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When running, by default Reactor logs most messages to the reactor.log file in the Reactor installation directory, and to the console. The exact name of the log file and level of logging are determined by settings in config/logging.yaml.

The default log level sets the log level for all subsystems in Reactor when logging.yaml does not otherwise have a more specific rule. Do not change the default log level unless instructed to do so by the devs!

To help focus logging on specific subsystems or objects, the logging configuration allows you to add a subsystem/class name and a specific logging level. Here's an example logging.yaml file:

    level: 4
  # other data not shown for brevity

    level: 6
    level: 5
    level: 4
    level: 7
    level: 8

In the above example, the Engine and Rule subsystems are set to log at levels 5 and 6 respectively. The HomeAssistant controller instance (of class HassController) with ID "rpi" is set to level 7. The specific entity with ID hass>switch_zooz_zen15_power_switch_switch will log at level 8. The ability to set log levels with this kind of granularity is vital for producing usable logs during troubleshooting.

If you are asked to turn on logging for a particular subsystem as part of troubleshooting, just add the subsystem/class name given to the end of the list (unless it's already there — don't duplicate) indented two spaces and followed by a colon (:). Then, add another line after with level: indented four spaces (see the example above) and the numeric value for the level required. Don't forget to remove the entry or reduce the level when finished troubleshooting.


After modifying log levels, you must restart Reactor.

Other Logging Options

The streams array of the logging sections let you determine which streams receive log messages. By default, only the default section contains a streams section, so that all output from all subsystems is directed to one (or a small number of) log files.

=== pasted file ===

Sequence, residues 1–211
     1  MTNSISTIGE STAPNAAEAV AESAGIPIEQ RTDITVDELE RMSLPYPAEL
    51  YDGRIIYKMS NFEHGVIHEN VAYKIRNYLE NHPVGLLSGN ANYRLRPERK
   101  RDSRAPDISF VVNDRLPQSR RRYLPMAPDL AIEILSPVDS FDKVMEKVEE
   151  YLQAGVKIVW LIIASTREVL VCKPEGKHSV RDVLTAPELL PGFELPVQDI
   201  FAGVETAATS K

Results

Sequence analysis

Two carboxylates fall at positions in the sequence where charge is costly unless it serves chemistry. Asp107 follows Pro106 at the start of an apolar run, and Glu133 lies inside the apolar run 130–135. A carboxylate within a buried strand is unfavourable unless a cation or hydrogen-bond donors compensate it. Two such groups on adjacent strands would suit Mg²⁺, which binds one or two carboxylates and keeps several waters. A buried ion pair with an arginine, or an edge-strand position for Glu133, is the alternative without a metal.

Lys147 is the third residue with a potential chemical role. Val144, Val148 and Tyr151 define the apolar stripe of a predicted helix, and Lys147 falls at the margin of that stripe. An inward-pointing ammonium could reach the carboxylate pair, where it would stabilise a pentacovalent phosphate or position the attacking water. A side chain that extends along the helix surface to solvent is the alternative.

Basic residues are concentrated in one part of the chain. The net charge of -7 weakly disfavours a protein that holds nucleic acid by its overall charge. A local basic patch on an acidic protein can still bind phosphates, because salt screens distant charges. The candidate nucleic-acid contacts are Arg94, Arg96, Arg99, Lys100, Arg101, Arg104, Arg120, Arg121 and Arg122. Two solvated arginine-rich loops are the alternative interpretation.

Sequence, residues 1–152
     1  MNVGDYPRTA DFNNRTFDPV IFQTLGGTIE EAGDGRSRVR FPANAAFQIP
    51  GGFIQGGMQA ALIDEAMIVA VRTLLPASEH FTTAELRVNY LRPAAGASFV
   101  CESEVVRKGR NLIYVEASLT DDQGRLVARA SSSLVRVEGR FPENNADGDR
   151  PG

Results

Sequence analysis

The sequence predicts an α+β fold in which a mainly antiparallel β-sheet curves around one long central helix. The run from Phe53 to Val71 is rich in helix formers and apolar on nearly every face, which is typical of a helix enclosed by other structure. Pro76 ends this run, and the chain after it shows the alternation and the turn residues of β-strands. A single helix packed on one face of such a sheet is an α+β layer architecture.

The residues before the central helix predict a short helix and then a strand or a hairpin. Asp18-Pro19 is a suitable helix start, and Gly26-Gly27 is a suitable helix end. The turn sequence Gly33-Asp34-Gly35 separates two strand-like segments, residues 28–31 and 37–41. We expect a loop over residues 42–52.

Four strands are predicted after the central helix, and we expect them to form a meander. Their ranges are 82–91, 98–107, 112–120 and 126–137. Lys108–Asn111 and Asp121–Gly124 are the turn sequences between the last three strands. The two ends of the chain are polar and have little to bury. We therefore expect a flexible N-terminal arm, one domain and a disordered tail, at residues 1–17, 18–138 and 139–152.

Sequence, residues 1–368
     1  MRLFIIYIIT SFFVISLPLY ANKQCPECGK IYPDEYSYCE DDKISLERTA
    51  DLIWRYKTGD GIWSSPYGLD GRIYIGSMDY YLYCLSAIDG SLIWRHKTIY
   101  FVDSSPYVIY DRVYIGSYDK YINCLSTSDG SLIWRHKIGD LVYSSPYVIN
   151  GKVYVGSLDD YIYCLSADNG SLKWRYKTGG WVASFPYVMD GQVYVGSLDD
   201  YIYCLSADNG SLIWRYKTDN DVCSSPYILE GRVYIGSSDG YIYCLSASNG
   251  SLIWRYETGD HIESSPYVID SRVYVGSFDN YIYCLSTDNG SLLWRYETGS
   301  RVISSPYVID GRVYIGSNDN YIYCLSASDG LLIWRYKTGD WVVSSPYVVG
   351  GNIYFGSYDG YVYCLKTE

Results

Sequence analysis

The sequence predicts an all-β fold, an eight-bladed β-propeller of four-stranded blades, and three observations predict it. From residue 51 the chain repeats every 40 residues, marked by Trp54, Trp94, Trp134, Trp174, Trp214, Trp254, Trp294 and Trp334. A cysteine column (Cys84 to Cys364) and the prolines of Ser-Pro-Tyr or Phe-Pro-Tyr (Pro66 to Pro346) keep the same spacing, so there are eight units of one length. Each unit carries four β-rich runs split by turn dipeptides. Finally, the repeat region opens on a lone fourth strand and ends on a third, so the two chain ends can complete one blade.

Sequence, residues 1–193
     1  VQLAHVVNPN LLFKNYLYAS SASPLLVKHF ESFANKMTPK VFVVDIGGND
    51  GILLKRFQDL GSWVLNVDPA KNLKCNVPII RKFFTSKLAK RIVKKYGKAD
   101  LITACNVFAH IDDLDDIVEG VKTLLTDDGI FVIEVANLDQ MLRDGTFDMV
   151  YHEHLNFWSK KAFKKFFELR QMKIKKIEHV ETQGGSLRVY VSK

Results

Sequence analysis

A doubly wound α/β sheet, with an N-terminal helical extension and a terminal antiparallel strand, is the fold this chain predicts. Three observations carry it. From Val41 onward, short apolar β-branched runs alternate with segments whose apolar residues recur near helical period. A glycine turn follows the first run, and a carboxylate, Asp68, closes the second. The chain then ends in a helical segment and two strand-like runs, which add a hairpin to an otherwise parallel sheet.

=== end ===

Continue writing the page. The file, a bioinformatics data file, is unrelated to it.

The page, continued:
There are two types of streams currently supported: console and file. The console stream logs to the system console (stdout), and may be specified only once. By default, the console stream will log only critical messages (level 0).

The file stream type logs to a file (no surprise). The name key sets the name of the file, and should be a simple filename only, not a pathname. The level key sets the minimum logging level required for a message to be output to the file (e.g. level 4 would direct information level and more severe, but no debug messages, which are levels 5+). The keep key tells the logger how many log rotations to keep, and the maxsize key sets the maximum size (in MB) to which a log file may grow before it is rotated. The mode key sets the file mode for new log files (using same numeric mode as chmod(1)). The file mode is subject to the process' umask, so specifying a mode of 0666 does not guarantee that the created file will get 0666 permissions — if the umask for the process is 022, then the log file will be created with 0644 (you'll have to change the process' umask if you want different behavior, which is OS-dependent and out of scope for this doc).

Logging and Entities

Turning up logging on a controller class to try to troubleshoot an entity or attribute problem is useful, but can also cause you to "sip from the firehose": it can dump a lot of information very quickly. If you are going to increase the log level on a Controller class, consider also temporarily configuring the controller to filter out entities that are not the focus of your troubleshooting, to reduce the volume of log data you need to look at.

Posting Log Snippets

If you are asked to post a log snippet, or you do so of your own initiative, please remember the following:

  • DO redact or mask passwords, API tokens, and other private data you would not want to see made public in your forum post, bug report, PasteBin, etc. If you want to privately email your log file, just PM toggledbits on the forums and I'll give you an address.
  • DO NOT redact the log data other than to remove or mask passwords, API tokens, and other private data as described above.
  • DO post at least twenty lines before and after the part you think is relevant. Most people have trouble identifying what is relevant in the logs (heck, most people don't even bother to look at them, sadly), and you'd be surprised how often people post one line from a log file, leaving out additional detail that explains the error or discloses data that could be used for diagnostics. Don't be "that guy." Context when posting log snippets is vital.
  • DO let us know what time zone you are in. While there are hourly messages logged that contain this information, if you're posting a snippet and not transferring the whole log, we won't see those, so we need to understand what your local time is relative to the UTC times in the log file.

Updated 2021-06-18